Such static mixers ordinarily redirect the stream or portions of it to change a smooth stream into a path with cross-currents, orbital currents, and the like. In some, downstream-directed stream converge into one another as they flow through the mixer. Their objective is to mix the components of the stream to approach uniformity and eliminate regions of greater or lesser concentration. They are as useful in blending syrups as in mixing liquids and gases.
However, that is not the objective of this invention. Instead, this invention is directed toward the vigorous and rapid continuing renewal of the interface conditions between the bubble and the surrounding liquid. The objectives are very different from those of the static mixer.
It is further useful to emphasize that the stream in this system, while closed and under pressure is not incompressible. In fact it is compressible, and in a sense elastic. This is because of its substantial gas content which often may be as high, volummetrically, as 20%. The liquid is, of course not compressible, but because of the gas, the combined stream is. Therefore changes in pressure, physical forces such as abrupt accelerations, impacts and reversals, result in important changes in the shape and size of the bubbles. The consequence is that the composition at the interface of the gas bubble with the liquid is being constantly renewed.
While neither the reactor nor the collider has any moving parts, it is not a static mixer in the conventional sense. The exercise of this stream is far from orderly. Its abrupt reversals, eddy regions and internal nozzles and joggles, all combine to cause this compressible stream to undergo physical reactions that profoundly accelerate the solution of the gas into the liquid.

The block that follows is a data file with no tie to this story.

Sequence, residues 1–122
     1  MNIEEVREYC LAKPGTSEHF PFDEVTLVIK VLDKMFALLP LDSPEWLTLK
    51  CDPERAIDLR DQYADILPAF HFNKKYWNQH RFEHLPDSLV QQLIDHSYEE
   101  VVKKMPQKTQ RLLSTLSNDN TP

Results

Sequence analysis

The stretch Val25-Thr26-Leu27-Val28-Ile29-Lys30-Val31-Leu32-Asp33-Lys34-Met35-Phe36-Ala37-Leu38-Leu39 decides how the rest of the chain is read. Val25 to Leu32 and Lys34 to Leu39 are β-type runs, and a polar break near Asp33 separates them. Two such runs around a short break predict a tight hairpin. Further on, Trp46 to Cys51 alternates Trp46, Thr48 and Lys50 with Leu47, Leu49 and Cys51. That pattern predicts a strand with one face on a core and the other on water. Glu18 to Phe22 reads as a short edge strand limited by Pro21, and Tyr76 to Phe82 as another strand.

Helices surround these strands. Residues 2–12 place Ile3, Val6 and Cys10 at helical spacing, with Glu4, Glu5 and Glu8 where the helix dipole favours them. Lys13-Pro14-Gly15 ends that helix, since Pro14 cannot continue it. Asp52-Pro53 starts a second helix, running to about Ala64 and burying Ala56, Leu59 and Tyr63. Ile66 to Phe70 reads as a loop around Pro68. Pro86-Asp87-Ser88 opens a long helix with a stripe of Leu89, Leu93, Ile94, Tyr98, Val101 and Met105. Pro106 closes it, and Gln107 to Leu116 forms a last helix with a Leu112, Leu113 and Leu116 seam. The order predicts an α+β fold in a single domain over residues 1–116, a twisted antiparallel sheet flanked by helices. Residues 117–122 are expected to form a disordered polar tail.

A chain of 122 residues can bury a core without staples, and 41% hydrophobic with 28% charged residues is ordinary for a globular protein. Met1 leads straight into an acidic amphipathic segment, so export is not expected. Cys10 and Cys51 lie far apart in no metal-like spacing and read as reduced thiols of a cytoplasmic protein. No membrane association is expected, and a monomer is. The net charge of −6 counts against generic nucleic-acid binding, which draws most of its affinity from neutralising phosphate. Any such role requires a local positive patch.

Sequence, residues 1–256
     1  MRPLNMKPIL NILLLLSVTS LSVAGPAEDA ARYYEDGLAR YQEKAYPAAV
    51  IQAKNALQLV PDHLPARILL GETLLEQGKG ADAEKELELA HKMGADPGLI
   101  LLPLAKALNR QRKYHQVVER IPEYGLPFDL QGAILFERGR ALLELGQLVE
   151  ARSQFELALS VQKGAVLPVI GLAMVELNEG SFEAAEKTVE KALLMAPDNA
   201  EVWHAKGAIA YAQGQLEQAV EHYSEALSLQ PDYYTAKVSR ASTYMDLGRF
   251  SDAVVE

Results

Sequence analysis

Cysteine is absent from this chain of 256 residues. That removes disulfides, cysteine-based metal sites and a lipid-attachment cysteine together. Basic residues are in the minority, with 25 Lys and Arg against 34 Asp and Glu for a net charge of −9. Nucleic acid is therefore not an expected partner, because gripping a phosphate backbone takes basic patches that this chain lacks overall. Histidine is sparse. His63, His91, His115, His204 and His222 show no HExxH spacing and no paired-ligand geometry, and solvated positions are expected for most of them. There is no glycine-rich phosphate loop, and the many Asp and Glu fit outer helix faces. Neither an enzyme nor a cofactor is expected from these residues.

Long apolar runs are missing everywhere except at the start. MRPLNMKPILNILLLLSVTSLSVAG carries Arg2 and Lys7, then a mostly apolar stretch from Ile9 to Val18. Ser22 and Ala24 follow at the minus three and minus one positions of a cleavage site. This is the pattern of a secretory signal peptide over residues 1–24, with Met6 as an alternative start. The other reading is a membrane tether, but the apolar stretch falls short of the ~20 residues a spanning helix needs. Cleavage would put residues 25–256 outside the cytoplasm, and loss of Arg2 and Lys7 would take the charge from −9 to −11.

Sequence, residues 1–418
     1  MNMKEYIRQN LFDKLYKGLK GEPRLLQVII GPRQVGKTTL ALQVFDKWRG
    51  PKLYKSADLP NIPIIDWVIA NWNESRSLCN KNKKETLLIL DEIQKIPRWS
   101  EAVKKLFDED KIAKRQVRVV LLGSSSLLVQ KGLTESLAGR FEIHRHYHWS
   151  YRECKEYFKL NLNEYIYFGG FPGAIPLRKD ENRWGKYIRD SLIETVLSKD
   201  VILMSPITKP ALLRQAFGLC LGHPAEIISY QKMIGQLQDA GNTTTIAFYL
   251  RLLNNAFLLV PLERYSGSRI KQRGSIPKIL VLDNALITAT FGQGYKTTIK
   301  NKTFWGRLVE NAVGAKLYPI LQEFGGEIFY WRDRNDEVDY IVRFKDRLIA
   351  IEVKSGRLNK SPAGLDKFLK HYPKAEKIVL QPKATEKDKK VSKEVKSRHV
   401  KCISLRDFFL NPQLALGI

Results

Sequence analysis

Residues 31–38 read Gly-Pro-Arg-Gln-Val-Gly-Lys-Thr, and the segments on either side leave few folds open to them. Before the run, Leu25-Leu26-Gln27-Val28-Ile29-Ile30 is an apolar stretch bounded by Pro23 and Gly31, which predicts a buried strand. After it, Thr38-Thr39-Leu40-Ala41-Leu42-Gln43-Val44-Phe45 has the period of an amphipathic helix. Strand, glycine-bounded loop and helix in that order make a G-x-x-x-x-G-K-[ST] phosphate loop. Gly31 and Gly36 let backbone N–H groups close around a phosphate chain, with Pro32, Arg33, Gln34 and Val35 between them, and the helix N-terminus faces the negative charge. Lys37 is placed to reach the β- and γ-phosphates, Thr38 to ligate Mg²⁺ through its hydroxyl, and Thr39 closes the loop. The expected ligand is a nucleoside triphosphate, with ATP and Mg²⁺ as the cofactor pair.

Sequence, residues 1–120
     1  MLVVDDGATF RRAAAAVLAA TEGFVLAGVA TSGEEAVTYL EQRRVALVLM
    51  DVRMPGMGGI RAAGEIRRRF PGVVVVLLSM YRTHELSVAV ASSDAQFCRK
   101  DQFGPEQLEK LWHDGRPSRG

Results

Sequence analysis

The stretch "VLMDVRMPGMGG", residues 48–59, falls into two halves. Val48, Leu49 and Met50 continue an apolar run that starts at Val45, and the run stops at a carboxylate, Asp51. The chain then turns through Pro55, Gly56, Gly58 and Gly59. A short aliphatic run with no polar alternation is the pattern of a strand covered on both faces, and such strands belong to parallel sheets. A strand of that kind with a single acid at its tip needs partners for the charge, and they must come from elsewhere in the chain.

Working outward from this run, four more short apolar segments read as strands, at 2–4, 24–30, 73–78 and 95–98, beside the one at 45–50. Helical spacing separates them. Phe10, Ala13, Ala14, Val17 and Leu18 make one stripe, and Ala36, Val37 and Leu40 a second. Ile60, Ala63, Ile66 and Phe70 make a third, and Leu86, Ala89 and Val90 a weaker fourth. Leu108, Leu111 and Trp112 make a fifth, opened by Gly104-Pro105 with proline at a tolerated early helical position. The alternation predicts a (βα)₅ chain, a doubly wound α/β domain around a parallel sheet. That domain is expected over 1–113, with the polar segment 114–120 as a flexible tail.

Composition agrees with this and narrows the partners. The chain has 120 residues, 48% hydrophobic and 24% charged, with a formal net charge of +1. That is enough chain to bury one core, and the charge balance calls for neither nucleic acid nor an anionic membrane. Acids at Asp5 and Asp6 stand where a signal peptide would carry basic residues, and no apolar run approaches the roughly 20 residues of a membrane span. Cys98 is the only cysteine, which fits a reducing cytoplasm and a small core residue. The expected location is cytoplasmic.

The applicant has discovered that the rapid renewal of the interfaces and of the gas concentration directly contiguous to this interface has an extraordinary cumulative effect on the transfer of gases. He has also discovered that a most appropriate way to accomplish this is by the “exercising” of the gas bubbles, for example by abrupt changes in direction of the stream, of passing the stream through sequential orifices, and of colliding streams of bubble-containing liquid. These techniques can be used singly or in any combination. Such exercise of the bubbles results in a surprisingly effective and very rapid solution and equilibrium of the gas.
This invention overcomes the disadvantages of the prior art by including in a flowing system under pressure, a collider or a reactor of surprisingly small bulk, or both, located downstream from an aspirator injector. For some applications this may advantageously be followed by an optional gas separator to remove undissolved excess gas.
This invention provides an optimum system which provides surprisingly beneficial results. However, there are many applications where ultimate performance is unnecessary. In this, an installation of lesser complexity and bulk can provide a myriad of small bubbles of gas to be dissolved and treated with sufficiently acceptable results.
The reader is entitled to ask why there is an advantage in accelerating a process which, if given enough time would occur anyway. The answer is that for a given volume of liquid and desired attained result it is possible to reduce the bulk and footprint of the system (and thereby its cost), and to reduce the dwell time of the liquid during treatment.
There is the additional advantage that the system need not be “over-dosed” in order to be certain that sufficient gas is available, and then requiring the stripping off a large excess quantity of treatment gas.
The rapid renewal and abrupt changes of the interfaces caused by the fluid manipulations of this invention result in a surprising reduction in dwell time and bulk of the process equipment. When the preferred embodiment of the system is utilized, the dwell time can often be reduced by as much as 60%, with an attendant reduction of required real estate and investment, compared to known systems.
The presently preferred embodiment of the invention receives liquid under pressure to be treated by an injected gas. The liquid flows into an aspirator injector which injects the gas into the liquid. From the injector, the flow is to a collider and a reactor, in either order, in which the stream is subjected to vigorous exercising including abrupt changes in motion rapidly to renew the gas/liquid interfaces.